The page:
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Irish jobs growth remained strong
Strong job gains continue in late 2013.
• Numbers at work set to rise further in coming year.
• Unemployment drop reflects better jobs market rather than rising net migration.
• However, job growth concentrated in over 35s. So, migration still an issue.
Irish jobs growth remained strong in the final quarter of 2014. With employment now up in each of the past five quarters, these numbers seem to confirm that an economic recovery has become established. The jobs data also suggest this upturn has considerable momentum. Although the three month increase in employment was slightly less than in the previous quarter (+14.6k against +20.8k), this still represents an exceptionally fast pace of growth (+3.9% annualised).
On average, employment rose by 43k, or 2.4%, in 2013 relative to 2012. This is markedly higher than would be suggested by an estimated GDP growth rate of just 0.3% for last year. We remain of the view that the outturn for GDP clearly understates the scale of improvement in Irish economic conditions. To a notably smaller degree, the jobs data may overstate the scale of upswing in the past year.
Most forecasts envisage job growth will continue albeit at a slightly slower pace through the coming year. However, signs of improvement in key trading partners such as the UK in particular and the prospect of some increase in domestic spending argue against any dramatic deceleration. We now expect an average increase in employment of around 2% in 2014. In turn, this should imply a rise of about 2.3% in GDP as largely technical differences in the messages coming from key measures of Irish economic conditions gradually fade.
The rise in employment through 2013 contributed significantly to a further decline in unemployment. The number of jobless fell by 11k in the final quarter of 2013 and by 41k compared to a year earlier. This caused the unemployment rate to fall to 12.1%. With employment and the labour force growing again, this drop appears to be driven primarily by an improving jobs market rather than any increase in net emigration.
The fall in unemployment was split equally between those out of work for less than a year and those jobless for more than a year. With short-term unemployment now at 95k and long term joblessness at 155.5k, this points to a somewhat weaker rate of reemployment of those out of work for more than twelve months. As the economy recovers, a key task will be to develop sustainable activation mechanisms to avoid a permanently high level of structural unemployment.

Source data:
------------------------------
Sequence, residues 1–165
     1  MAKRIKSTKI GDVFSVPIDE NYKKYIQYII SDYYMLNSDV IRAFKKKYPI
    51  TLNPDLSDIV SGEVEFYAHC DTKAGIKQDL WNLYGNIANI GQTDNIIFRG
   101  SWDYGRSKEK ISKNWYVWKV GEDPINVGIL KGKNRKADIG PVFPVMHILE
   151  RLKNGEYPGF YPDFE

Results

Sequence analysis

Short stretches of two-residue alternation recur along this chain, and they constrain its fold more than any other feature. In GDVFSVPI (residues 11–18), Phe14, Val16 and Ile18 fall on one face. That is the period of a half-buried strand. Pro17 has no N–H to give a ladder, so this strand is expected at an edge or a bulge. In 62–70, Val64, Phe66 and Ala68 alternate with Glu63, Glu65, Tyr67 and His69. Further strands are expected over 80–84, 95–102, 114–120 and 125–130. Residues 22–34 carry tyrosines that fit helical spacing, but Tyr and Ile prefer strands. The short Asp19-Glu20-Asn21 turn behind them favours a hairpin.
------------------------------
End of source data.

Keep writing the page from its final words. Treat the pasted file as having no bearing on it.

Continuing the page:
The jobs data also show a continuing marked age split in employment trends. As table 1 indicates, job gains were concentrated among the over 35s. There were net job losses of 12k in the 25-34 age group which coincided with a fall of 24.7k in labour force participation among this age group. This pattern may owe something to small movements into education or out of the workforce for various other reasons. There is also a significant demographic Irish Jobs Data Confirm Recovery Underway27 February 2014 3 shrinkage in this age group because of a lower birth rate through the ‘80s. However, the key driver of the decline in numbers in this age group is undoubtedly ongoing emigration. On the other hand, today’s data also show the estimated population aged over 15 held broadly steady in the past twelve months. So, it may be that net migration has peaked.
As is the case elsewhere, Irish jobs data are produced by survey. A new sample has been incrementally introduced through the past year and the CSO notes that this ‘can lead to some variability in estimates, particularly at more detailed levels and some caution is warranted in the interpretation of trends over the period of its introduction’. Our judgement is that the aggregate numbers are not materially affected— at the margin, it might be argued that the exceptional scale of job gains recorded for the past year might owe something to a correction of an earlier overstatement of job losses. However, the broad message of a decent recovery in employment is consistent with a wide range of survey evidence. We would tend to place less emphasis on the sectoral breakdown, particularly the seasonally adjusted changes between the third and fourth quarter where the persistence of strong job growth in agriculture seems surprising.